Finally, in May 2020, the Commission issued a statement formally declining the MCB’s request, which “would not be proportionate” since the Conservatives had promised to set up their own inquiry. The MCB dismissed that inquiry as “a facade to hide the hundreds of incidences of Islamophobic bigotry we have identified” in the ranks of the Tory Party. Shortly after this announcement, Newsweek’s Basit Mahmood discovered that one EHRC commissioner, Pavita Cooper, had not declared her activity as a donor and fundraiser for the Conservative Party when she joined the Commission.

Be that as it may, we need not posit active support for the Tories as a motivation for the EHRC’s decision to let them off the hook. The Conservative Party will be in power until the next general election at least, and quite possibly well beyond that. It has the unstinting support of a ferociously partisan newspaper industry, whose leading titles would be sure to denounce any official body causing trouble for the government (and rake through the bins of its commissioners, both literally and metaphorically).

The desire for a quiet life on the part of the EHRC’s top brass would furnish a perfectly adequate explanation for their reluctance to take on a Tory Party evidently saturated with racism from top to bottom.

Interested Parties

The EHRC’s decision to investigate Labour posed no such dilemma. Indeed, it was greeted with general acclaim by the British press, including its small non-Tory component — the liberal broadsheets had invested heavily in the conventional media narrative of “Labour antisemitism” under Jeremy Corbyn’s leadership, and they were not about to start questioning that narrative now.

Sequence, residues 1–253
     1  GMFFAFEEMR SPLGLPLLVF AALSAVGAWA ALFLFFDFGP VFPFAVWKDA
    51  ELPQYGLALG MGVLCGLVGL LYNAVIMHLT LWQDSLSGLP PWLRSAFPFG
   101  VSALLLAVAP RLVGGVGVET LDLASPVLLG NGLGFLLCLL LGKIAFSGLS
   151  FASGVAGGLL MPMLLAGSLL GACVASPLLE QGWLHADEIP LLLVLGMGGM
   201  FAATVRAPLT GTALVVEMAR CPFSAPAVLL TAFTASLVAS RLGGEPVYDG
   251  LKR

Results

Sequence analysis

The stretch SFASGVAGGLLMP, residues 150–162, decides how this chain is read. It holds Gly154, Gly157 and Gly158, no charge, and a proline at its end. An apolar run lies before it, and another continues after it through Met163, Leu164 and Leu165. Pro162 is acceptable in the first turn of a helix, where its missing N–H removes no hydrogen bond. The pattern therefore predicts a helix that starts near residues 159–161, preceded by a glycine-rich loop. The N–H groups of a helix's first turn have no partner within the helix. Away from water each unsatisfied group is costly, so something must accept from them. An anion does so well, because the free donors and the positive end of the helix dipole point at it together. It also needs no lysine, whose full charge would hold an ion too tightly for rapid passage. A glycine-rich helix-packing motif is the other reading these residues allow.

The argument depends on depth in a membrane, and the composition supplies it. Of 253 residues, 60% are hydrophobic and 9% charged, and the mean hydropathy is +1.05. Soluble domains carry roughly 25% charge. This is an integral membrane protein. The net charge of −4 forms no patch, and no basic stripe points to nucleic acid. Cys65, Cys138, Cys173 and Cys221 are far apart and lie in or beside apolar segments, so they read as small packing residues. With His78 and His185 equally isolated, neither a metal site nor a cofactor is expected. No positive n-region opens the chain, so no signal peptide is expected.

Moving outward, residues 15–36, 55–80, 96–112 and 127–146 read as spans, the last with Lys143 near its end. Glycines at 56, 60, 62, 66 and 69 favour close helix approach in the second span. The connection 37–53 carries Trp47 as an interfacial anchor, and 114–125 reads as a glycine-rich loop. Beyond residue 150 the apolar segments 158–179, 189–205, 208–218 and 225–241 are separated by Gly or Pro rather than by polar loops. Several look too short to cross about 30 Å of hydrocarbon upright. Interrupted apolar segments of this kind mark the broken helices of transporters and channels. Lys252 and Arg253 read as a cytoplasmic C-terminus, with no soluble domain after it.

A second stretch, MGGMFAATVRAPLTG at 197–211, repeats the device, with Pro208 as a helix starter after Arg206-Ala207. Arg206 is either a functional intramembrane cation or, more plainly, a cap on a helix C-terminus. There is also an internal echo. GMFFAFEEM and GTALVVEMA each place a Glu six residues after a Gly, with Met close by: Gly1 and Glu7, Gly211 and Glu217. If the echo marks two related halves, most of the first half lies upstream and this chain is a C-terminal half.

As a result, there was no meaningful scrutiny applied to the groups that had solicited the inquiry in the first place. The Campaign Against Antisemitism is a grassroots campaign against antisemitism in much the same way that the Taxpayers’ Alliance is a grassroots campaign concerned with the efficient use of public money — which is to say, not at all.

A convoy of billboard vans with messages against antisemitism in the Labour Party are driven around Westminster on February 21, 2018 in London, England.
Jack Taylor / Getty

Established in the summer of 2014, while Gaza was under heavy Israeli bombardment, the CAA has prioritized attacking critics of Israel with trumped-up allegations of antisemitism — for example, by attacking Israel Apartheid Week in British universities. In this respect, it follows the approach of US groups like the Anti-Defamation League and the Simon Wiesenthal Center. The Institute for Jewish Policy Research criticized an early report by the CAA on antisemitism in Britain, describing it as “littered with flaws” and “rather irresponsible.”

The group came to the fore in the campaign against Jeremy Corbyn, and even doctored its own survey of antisemitic attitudes in Britain, arbitrarily changing the way it measured antisemitism so that it could generate negative headlines about the Labour Party.